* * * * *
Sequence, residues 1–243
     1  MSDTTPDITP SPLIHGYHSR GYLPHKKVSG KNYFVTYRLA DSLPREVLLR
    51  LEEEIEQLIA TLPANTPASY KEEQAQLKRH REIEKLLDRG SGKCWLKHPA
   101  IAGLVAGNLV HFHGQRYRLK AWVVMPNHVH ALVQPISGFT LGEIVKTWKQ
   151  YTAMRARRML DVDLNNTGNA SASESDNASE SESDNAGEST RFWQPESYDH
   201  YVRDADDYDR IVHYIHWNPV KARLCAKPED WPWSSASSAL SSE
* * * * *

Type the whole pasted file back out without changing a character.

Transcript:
Sequence, residues 1–243
     1  MSDTTPDITP SPLIHGYHSR GYLPHKKVSG KNYFVTYRLA DSLPREVLLR
    51  LEEEIEQLIA TLPANTPASY KEEQAQLKRH REIEKLLDRG SGKCWLKHPA
   101  IAGLVAGNLV HFHGQRYRLK AWVVMPNHVH ALVQPISGFT LGEIVKTWKQ
   151  YTAMRARRML DVDLNNTGNA SASESDNASE SESDNAGEST RFWQPESYDH
   201  YVRDADDYDR IVHYIHWNPV KARLCAKPED WPWSSASSAL SSE